Due to delay in approvals we lost three years, we are now making for it. In just another three years we will be there on the doorsteps of the stock markets. So, everything is back on the table including the Lavasa IPO, Ajit Gulabchand, HCC said.
Lavasa, Hindustan Construction Company's (HCC) hill city on the outskirts of Pune will be developed across 18,000 acres. Its size is about one-fifth of Mumbai. Construction at Lavasa had been banned by the environment ministry resulting in a loss of almost Rs 730 crore for HCC.
After a year long protracted battle with the then Environment Minister Jairam Ramesh, HCC got the green signal in November 2011. In an interview to CNBC-TV18, Ajit Gulabchand of HCC spoke about the latest happnening in the company and the road ahead.
Below is the edited transcript of Ajit Gulabchand's interview with CNBC-TV18.
Q: It has been a year and a half since you got all the approvals from the environment ministry. Has that helped in sales? Have you seen an uptick?
A: The issue is that the state government whose responsibility was to give the clearance had given it. The central government, ministry of environment and forests (MoEF) felt that they need to be the people giving clearance. Now, based on that we have got clearances from two places, we are twice cleared as a project. To move on from there we have started the process again.
In the last few months, we have sold more than 300 homes there both apartments and villas. There are about 5,000 construction workers on the ground there. It is coming back to its full construction, which you will see as soon as the monsoon is over.
Q: But has that uptick in sales also being complimented by a price appreciation?
A: We began sales and sold three, four years ago at a price of about Rs 2500 a square feet. Today, these same places are going at about Rs 4000 a square feet. There were villas that were priced at Rs 1.5 crore, the same ones are now some sales are happening at about Rs 3.5 crore. So, the property valuation there because of what is being built there is going up every year. Therefore it shows that there is a growing demand for this.
Q: What all can we expect at Lavasa in 2013? Do you have a strong launch pipeline?
A: There are three aspects to Lavasa’s economy. First aspect is there will be homes for people to live. So, there would be rental homes for those who will come to work there and will not be able to afford to buy initially ranging from Rs 500 a month to Rs 3000 a month. Then there will be villas as well going up to Rs 2 crore as well as apartments starting at Rs 10 lakh and that is underway.
The next is it has to build a healthy place for tourism, hospitality and leisure. So, hotel which were stalled are now being renegotiated and restarted so that it has a continuous tourism economy in that place. Third is soft businesses, research centres, etc which have been already included in the plan and have been approved by the Maharashtra government.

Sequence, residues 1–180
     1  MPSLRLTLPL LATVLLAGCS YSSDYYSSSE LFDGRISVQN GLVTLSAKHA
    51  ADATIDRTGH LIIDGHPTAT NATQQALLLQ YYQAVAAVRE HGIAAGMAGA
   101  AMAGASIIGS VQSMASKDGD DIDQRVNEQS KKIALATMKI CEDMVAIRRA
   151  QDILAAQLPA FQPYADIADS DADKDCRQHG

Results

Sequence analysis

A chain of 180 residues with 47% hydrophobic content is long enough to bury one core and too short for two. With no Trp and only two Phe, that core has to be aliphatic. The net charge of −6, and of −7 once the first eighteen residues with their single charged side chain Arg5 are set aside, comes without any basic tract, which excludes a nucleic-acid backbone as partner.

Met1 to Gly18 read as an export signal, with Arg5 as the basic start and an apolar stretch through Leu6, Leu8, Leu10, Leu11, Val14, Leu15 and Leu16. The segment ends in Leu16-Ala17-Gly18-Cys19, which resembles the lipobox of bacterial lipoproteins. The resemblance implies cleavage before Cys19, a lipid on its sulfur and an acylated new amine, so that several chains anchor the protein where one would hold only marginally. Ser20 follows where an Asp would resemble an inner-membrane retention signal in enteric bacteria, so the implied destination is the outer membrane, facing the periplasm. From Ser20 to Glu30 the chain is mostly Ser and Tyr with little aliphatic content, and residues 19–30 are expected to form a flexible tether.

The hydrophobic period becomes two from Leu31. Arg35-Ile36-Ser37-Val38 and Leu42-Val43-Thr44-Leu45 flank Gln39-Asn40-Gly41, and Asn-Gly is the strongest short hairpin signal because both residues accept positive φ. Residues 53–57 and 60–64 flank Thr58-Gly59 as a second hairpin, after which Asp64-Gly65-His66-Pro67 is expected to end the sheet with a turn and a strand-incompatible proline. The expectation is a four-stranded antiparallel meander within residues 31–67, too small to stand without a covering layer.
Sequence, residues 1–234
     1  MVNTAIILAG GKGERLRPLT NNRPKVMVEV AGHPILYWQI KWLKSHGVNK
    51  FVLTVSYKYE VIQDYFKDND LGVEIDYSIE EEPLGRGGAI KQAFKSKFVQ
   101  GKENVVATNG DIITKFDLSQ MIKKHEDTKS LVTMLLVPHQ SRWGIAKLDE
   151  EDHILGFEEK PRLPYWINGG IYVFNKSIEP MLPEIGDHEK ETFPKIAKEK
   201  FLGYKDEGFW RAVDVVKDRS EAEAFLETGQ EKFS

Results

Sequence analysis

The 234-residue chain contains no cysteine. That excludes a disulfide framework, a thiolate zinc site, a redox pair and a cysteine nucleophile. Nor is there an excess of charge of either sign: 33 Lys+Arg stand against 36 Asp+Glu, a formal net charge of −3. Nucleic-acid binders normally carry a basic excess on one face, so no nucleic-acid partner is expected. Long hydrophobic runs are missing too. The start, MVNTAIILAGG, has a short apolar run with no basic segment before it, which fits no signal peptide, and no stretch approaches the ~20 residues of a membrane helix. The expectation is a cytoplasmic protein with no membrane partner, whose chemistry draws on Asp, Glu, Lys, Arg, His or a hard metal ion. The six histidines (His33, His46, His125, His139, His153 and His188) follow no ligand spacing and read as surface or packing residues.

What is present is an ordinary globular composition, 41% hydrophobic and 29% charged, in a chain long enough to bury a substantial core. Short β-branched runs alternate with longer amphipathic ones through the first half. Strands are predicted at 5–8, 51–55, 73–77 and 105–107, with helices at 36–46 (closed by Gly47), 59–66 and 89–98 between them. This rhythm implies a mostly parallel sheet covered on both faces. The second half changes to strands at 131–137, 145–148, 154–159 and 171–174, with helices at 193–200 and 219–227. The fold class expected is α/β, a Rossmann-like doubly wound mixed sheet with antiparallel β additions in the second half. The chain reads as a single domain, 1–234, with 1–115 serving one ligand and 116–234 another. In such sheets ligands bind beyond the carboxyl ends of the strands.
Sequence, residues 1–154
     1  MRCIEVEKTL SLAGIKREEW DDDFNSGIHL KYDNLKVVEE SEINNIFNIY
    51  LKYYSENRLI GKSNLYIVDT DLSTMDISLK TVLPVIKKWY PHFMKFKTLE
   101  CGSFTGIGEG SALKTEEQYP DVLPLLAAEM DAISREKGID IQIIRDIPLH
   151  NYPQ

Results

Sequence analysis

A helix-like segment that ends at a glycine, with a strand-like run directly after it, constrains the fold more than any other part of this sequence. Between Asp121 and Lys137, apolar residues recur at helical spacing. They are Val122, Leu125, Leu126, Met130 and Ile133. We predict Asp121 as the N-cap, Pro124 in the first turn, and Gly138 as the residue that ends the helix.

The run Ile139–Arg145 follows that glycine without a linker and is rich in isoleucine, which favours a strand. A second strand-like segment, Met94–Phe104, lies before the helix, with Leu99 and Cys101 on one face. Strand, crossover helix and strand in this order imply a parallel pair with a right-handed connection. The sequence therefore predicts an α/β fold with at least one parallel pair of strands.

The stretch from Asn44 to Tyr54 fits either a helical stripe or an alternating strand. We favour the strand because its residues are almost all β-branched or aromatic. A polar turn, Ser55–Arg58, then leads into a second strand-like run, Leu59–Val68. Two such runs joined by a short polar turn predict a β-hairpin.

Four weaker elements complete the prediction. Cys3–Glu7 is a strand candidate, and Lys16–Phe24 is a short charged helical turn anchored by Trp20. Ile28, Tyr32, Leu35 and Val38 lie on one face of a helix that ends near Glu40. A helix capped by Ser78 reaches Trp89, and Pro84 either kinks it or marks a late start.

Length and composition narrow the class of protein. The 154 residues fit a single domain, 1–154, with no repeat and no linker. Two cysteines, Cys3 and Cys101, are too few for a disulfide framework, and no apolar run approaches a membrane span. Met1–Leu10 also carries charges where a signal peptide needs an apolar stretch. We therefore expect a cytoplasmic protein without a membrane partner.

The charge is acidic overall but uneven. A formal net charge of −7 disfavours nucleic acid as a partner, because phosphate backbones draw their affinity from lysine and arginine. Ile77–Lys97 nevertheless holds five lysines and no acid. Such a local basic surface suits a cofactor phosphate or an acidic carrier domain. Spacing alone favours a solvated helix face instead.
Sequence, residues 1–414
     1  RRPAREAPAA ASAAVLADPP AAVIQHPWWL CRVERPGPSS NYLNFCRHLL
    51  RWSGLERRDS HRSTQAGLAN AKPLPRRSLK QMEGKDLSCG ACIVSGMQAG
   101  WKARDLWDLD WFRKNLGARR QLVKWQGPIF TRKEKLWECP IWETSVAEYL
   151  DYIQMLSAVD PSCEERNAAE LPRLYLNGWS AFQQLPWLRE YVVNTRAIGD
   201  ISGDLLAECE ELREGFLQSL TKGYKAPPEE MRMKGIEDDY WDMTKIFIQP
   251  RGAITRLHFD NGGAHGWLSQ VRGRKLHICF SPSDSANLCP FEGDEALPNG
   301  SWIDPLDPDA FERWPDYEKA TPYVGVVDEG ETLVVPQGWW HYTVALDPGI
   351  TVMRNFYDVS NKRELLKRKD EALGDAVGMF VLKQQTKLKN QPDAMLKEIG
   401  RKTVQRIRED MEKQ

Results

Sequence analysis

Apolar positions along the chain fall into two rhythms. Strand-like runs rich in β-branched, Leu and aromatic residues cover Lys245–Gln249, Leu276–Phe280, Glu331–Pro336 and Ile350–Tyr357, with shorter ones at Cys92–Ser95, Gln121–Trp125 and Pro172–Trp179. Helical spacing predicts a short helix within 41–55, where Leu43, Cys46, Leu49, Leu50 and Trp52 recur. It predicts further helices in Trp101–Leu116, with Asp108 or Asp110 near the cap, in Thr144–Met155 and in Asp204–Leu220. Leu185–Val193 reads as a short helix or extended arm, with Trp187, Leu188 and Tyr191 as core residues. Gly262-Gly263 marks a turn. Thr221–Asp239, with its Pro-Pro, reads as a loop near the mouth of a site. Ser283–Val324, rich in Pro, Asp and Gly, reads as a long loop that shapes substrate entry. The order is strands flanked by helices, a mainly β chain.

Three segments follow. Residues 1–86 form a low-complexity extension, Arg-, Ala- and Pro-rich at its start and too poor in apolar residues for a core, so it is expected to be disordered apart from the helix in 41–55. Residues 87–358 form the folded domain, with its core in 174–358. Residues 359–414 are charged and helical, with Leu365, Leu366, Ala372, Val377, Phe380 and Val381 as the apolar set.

Q: Can you tell me what the profile is of the people that are buying into Lavasa? Are they those who want a holiday home? It is also a hill city so are we seeing senior citizens and retired folks looking to settle down here perhaps NRIs looking to make an investment?
A: It is across this whole section you spoke about. When you begin a Greenfield project in a brand new place it would be second homes to begin with. There is a company called Ashiana which builds retirement homes. They have taken a large area there and are building a full retirement home. They are now negotiating one more plot to expand that activity in other towns of Lavasa as well. So, you will have older people who will settle down there, you will have a large youthful population.
Afterall it is being deviced substantially for young India. Today average age of India is 26 years 7 months, so this aspirational population that would like to stay there. Most of the apartment homes, etc are going to younger people between the age groups of 30-45. As far as the rentals are concerned, it would be for those who come and work there. So, there is a whole segment of apartments that cost Rs 10 lakh to Rs 20-25 lakh and to even Rs 35 lakh. It goes all the way to Rs 2 crore plus. So, it is across socio-economic cross section.
Hind Constr stock price
On October 31, 2014, Hindustan Construction Company closed at Rs 33.10, up Rs 3.45, or 11.64 percent. The 52-week high of the share was Rs 49.00 and the 52-week low was Rs 11.45.
The company's trailing 12-month (TTM) EPS was at Rs 1.37 per share as per the quarter ended September 2014. The stock's price-to-earnings (P/E) ratio was 24.16. The latest book value of the company is Rs 19.38 per share. At current value, the price-to-book value of the company is 1.71.
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